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Gaydar Is Real

...and you might have it

By Rich_Maloof May 17, 2012 4:13PM

From Snap Judgments of Sexual Orientation by Joshua A. Tabak1*, Vivian Zayas2Can you detect sexual orientation just by looking at someone’s face? A study released yesterday says there’s a good chance you can. Students from University of Washington were able to distinguish accurately, more often than not, between gay and straight people after looking at a Facebook profile photo for less than a second.

We humanoids have some pretty impressive powers of perception and detection. Malcolm Gladwell makes hay of “rapid cognition” in his best-seller Blink, but the snap judgments Gladwell discusses are typically built on a great deal more information than a lone Facebook shot reveals. In this study conducted by psychology researchers from UW and Cornell, 196 people were shown black-and-white photographs of faces — just faces, with the hair cropped out — for 40 to 50 milliseconds, which is under one second per image. With above-chance accuracy, the students were able to make rapid and intuitive judgments of sexual orientation. (You can download the entire study as published by the Public Library of Science here.)

“The face is assumed to reflect experiences,” the researchers said. Perhaps women’s faces reflect more than men’s, too, as lesbians were accurately detected more often than gay men, suggesting that women’s sexual orientation is more obvious than men’s. But how we read faces — how we have the capability to detect experiences —is still anyone’s guess.

Notably, the study subjects were all college students. Would subjects of the same age who weren’t in college, where a student body is made up of a cultural, ethnic, and geographic mix, be as able to detect a gay man or woman? Can you detect what's gay about this pic of Rick Santorum? Would older subjects guess sexual orientation as accurately? Certainly people weren’t always so keen; nobody picked up on Rock Hudson. But with gay culture barely on the popular radar back then, perhaps gaydar technology was yet to be developed.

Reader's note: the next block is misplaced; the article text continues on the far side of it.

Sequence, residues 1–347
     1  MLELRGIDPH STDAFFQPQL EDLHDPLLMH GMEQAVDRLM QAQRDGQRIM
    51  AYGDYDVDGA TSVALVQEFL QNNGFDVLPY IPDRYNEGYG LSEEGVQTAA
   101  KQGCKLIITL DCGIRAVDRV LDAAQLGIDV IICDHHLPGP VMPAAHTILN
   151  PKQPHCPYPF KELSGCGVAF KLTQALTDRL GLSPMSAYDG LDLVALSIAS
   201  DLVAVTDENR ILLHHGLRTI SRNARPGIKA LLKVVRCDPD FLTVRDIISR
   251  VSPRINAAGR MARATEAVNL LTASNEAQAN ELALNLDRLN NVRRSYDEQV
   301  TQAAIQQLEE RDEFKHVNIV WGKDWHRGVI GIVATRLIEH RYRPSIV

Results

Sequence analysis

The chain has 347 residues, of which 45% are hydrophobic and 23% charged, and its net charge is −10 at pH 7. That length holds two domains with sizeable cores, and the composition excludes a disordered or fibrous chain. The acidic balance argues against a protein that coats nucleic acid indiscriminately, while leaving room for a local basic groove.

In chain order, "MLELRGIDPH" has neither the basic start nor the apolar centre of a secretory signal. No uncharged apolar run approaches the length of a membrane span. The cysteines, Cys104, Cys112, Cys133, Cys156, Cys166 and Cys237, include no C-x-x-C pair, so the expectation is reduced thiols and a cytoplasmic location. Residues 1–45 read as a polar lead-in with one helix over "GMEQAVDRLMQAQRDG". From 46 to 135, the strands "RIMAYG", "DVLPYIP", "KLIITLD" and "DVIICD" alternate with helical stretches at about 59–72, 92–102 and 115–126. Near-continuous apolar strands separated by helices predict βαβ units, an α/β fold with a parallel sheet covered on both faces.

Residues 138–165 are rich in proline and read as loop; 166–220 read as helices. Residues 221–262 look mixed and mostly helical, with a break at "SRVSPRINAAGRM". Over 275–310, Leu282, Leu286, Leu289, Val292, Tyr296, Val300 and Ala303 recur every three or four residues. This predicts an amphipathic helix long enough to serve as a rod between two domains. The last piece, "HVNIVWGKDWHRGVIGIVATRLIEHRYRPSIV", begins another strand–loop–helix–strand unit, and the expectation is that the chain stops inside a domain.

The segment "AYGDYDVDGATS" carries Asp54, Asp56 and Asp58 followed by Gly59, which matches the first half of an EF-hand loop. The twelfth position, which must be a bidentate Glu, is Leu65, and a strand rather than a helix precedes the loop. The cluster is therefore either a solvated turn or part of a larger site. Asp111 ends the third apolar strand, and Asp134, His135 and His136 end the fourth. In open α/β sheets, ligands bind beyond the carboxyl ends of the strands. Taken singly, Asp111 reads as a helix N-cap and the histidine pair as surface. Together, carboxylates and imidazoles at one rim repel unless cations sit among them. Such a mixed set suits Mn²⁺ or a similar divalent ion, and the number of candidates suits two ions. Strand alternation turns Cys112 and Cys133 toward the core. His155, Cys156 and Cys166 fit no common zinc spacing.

A big part of the study also involved turning the trimmed black-and-white photos upside down. The fact that subjects had a harder time distinguishing gay from straight faces when the images were inverted — though they still guessed accurately more than 50% of the time — told researchers that people rely not only on individual features but on the relationship between facial features when making a quick judgment. Apparently “configural processing” improves gaydar though sexual orientation can be inferred from individual features alone. According to the study, cues about sexual orientation seem to come specifically from the mouth and eye areas. So either we’re giving away our preferences only in those two areas, or everyone has a bisexual nose. Tough to say.

Like most scientists, the researchers won’t jump to conclusions as rapidly as the general public will; the study’s deductions are drawn exclusively from the photo method used, without assumptions about the “unexplored question” of whether or not accurate snap judgments occur in real-life settings.

In the Discussion section concluding the study, the researchers say: